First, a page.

quencies when they are different than zero, i.e. at least one character was read at
that position. We test this with the statement:
if (Frequencies[count] != 0) { ... statements ... }
The printf statement is quite complicated. It uses a new directive %c, meaning
character, and then a width argument, i.e.
%3c meaning a width of three output
chars. We knew the %d directive to print a number, but now it is augmented with
a width directive too. Width directives are quite handy when building tables to get
the items of the table aligned with each other in the output.
The first thing we do is to build a test file, to see if our program is working
correctly. We build a test file containing
ABCDEFGHIJK
And we call:
lcc frequencies.c
lcclnk frequencies.obj
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Chapter 3. Simple programs
frequencies fexample
and we obtain:
D:\lcc\examples>frequencies fexample
13 chars in file
(
10) = 1
(
13) = 1
A (
65) = 1
B (
66) = 1
C (
67) = 1
D (
68) = 1
E (
69) = 1
F (
70) = 1
G (
71) = 1
H (
72) = 1
I (
73) = 1
J (
74) = 1
K (
75) = 1
We see that the characters \r (13) and new line (10) disturb our output. We aren’t
interested in those frequencies anyway, so we could just eliminate them when we
update our Frequencies table. We add the test:
if (c >= ’ ’)
Frequencies[c]++;
i.e. we ignore all characters with value less than space: \r \n or whatever. Note that
we ignore tabulations too, since their value is 8. The output is now more readable:
H:\lcc\examples>frequencies fexample
13 chars in file
A (
65) = 1
B (
66) = 1
C (
67) = 1
D (
68) = 1
E (
69) = 1
F (
70) = 1
G (
71) = 1
H (
72) = 1
I (
73) = 1
J (
74) = 1
K (
75) = 1
We test now our program with itself. We call: frequencies frequencies.c 758 chars in
file I have organized the data in a table to easy the display.
3.7. Using arrays and sorting
131
(
32) = 57
! (
33) = 2
" (
34) = 10
# (
35) = 2
% (
37) = 5
’ (
39) = 3
( (
40) = 18
) (
41) = 18
* (
42) = 2
+ (
43) = 6
, (
44) = 7
. (
46) = 2
/ (
47) = 2
0
(
48) = 4
1
(
49) = 4
2
(
50) = 3
3
(
51) = 1
4
(
52) = 1
5
(
53) = 2
6
(
54) = 2
: (
58) = 1
; (
59) = 19
< (
60) = 5
= (
61) = 11
> (
62) = 4
A (
65) = 1
E (
69) = 2
F (
70) = 7
I (
73) = 1
L (
76) = 3
N (
78) = 1
O (
79) = 1
U (
85) = 2
[ (
91) = 7
\ (
92) = 4
] (
93) = 7
a (
97) = 12
b (
98) = 2
c (
99) = 33
d ( 100) = 8
e ( 101) = 38
f ( 102) = 23
g ( 103) = 8
h ( 104) = 6
i ( 105) = 43
l ( 108) = 14
m ( 109) = 2
n ( 110) = 43
o ( 111) = 17
p ( 112) = 5
q ( 113) = 5
r ( 114) = 23
s ( 115) = 14
t ( 116) = 29
u ( 117) = 19
v ( 118) = 3
w ( 119) = 1
x ( 120) = 3
y ( 121) = 1
{ ( 123) = 6
} ( 125) = 6
What is missing obviously, is to print the table in a sorted way, so that the most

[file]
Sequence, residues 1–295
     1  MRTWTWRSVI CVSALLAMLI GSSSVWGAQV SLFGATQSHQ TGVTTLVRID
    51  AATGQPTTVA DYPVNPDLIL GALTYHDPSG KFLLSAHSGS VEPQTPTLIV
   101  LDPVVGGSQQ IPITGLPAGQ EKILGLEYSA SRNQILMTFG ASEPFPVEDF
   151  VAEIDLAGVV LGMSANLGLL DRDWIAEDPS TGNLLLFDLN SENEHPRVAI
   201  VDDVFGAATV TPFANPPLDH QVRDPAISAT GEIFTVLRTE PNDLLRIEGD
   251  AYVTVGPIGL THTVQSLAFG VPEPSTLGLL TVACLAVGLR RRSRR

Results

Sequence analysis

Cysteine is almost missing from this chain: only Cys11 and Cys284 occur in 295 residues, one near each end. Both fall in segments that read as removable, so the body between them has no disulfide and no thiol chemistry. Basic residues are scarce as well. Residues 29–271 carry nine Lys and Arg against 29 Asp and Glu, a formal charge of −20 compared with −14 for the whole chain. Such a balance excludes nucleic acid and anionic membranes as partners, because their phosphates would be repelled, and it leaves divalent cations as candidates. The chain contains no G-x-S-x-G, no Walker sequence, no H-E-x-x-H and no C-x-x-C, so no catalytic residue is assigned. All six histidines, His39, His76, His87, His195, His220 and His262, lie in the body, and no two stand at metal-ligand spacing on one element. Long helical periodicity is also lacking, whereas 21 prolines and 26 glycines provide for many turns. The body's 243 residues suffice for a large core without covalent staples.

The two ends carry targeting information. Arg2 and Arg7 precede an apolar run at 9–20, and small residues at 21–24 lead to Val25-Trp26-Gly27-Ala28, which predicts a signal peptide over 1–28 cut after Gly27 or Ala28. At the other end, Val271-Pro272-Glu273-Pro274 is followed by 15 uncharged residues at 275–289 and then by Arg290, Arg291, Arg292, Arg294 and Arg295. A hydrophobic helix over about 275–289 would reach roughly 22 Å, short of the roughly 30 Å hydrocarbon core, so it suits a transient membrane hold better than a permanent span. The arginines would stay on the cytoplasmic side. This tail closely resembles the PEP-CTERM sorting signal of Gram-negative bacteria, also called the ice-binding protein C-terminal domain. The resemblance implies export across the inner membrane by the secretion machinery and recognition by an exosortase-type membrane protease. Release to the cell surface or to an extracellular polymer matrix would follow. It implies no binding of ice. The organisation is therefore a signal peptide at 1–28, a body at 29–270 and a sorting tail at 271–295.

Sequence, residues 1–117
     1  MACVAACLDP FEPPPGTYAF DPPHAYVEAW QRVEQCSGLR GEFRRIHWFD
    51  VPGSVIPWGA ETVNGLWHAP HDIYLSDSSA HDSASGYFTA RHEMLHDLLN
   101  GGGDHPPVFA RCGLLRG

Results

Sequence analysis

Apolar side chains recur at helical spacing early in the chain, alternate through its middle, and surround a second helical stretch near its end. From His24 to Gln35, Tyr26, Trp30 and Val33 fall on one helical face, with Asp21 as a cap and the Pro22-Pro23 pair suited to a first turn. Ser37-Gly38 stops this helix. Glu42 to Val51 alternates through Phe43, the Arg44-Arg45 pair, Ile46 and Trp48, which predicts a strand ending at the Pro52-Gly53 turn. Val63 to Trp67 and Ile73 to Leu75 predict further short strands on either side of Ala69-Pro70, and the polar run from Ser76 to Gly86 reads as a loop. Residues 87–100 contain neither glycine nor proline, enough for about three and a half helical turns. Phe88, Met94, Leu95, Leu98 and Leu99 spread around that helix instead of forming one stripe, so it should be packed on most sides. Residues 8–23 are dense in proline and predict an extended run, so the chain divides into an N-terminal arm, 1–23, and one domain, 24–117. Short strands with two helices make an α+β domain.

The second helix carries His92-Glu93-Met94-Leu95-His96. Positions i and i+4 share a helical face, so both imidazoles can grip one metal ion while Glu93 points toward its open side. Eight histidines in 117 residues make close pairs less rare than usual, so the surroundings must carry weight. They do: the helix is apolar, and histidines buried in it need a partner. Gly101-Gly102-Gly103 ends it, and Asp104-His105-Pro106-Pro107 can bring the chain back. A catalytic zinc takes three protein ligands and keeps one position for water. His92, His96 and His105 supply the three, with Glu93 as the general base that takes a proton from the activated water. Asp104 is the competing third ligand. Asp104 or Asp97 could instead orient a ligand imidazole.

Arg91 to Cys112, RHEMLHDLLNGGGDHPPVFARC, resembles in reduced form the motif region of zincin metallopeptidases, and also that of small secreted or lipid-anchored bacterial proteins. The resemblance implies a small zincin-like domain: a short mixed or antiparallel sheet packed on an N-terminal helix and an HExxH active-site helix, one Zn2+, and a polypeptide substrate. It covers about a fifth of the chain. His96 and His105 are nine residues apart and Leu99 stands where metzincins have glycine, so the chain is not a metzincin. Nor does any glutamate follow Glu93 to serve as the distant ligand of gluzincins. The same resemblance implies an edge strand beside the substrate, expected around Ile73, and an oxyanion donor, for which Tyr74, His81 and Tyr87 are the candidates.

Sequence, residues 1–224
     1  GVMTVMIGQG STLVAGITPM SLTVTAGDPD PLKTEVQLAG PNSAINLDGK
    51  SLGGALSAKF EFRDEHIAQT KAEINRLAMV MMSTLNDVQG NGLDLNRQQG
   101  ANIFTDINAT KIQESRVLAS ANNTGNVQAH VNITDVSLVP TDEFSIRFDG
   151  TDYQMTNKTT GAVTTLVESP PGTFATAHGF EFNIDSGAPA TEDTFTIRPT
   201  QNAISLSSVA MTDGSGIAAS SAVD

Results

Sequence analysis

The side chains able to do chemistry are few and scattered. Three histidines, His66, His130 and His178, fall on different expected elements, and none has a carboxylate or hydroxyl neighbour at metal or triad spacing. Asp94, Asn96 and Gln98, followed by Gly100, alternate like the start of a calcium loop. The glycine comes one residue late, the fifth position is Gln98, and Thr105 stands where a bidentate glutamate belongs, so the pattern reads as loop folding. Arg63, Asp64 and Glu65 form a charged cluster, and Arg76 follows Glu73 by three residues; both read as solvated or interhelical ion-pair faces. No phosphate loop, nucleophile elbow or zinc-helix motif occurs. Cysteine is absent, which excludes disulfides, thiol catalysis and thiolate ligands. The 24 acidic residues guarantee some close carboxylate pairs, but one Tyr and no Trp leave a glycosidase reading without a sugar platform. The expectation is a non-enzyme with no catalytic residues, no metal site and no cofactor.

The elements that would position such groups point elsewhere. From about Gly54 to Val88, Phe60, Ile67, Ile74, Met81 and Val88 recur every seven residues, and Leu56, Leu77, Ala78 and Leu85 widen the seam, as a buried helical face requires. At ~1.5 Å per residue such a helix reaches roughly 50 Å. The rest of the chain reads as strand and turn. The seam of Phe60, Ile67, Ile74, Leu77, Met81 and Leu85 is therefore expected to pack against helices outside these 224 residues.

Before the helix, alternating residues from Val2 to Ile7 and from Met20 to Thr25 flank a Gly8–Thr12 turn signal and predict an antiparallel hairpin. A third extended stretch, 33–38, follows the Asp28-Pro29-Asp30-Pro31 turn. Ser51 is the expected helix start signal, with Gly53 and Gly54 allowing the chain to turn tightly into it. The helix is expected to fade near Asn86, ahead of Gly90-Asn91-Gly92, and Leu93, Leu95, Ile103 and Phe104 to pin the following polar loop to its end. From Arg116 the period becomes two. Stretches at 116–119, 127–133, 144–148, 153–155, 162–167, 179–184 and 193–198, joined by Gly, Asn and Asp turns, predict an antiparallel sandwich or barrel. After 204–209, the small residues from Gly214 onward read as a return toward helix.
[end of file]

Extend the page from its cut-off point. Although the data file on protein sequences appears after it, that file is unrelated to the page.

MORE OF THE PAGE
frequent characters would be printed first. This would make inspecting the table for
the most frequent character easier.
3.7.1
How to sort arrays
We have in the standard library the function “qsort”, that sorts an array. We study
its prototype first, to see how we should use it:
void qsort(void *b,size_t n,size_t s,int(*f)(const void *));
Well, this is quite an impressing prototype really. But if we want to learn C, we will
have to read this, as it was normal prose. So let’s begin, from left to right.
The function qsort doesn’t return an explicit result. It is a void function. Its
argument list, is the following:
Argument 1: is a void *.
Void *??? What is that? Well, in C you have void, that means none, and void *,
that means this is a pointer that can point to anything, i.e. a pointer to an untyped
value. We still haven’t really introduced pointers, but for the time being just be
happy with this explanation: qsort needs the start of the array that will sort. This
array can be composed of anything, integers, user defined structures, double precision
numbers, whatever. This "whatever" is precisely the “void *”.
Argument 2 is a size_t.
This isn’t a known type, so it must be a type defined before in stdlib.h. By
looking at the headers, and following the embedded include directives, we find:
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Chapter 3. Simple programs
“stdlib.h” includes “stddef.h”, that defines a “typedef” like this:
typedef unsigned int size_t;
This means that we define here a new type called “size_t”, that will be actually
an unsigned integer. Typedefs allow us to augment the basic type system with our
own types. Mmmm interesting. We will keep this for later use.
In this example, it means that the size_t n, is the number of elements that will
be in the array.
Argument 3 is also a size_t.
This argument contains the size of each element of the array, i.e. the number
of bytes that each element has. This tells qsort the number of bytes to skip at
each increment or decrement of a position. If we pass to qsort an array of 56 double
precision numbers, this argument will be 8, i.e. the size of a double precision number,
and the preceding argument will be 56, i.e. the number of elements in the array.
Argument 4 is a function:
int (*f)(const void *));
Well this is quite hard really. We are in the first pages of this introduction and
we already have to cope with gibberish like this? We have to use recursion now. We
have again to start reading this from left to right, more or less. We have a function
pointer (f) that points to a function that returns an int, and that takes as arguments
a void *, i.e. a pointer to some unspecified object, that can’t be changed within that
function (const).
This is maybe quite difficult to write, but quite a powerful feature. Functions can
be passed as arguments to other functions in C. They are first class objects that can
be used to specify a function to call.
We have to use recursion now. We have again to start reading this from left to
right, more or less. We have a function pointer (f) that points to a function that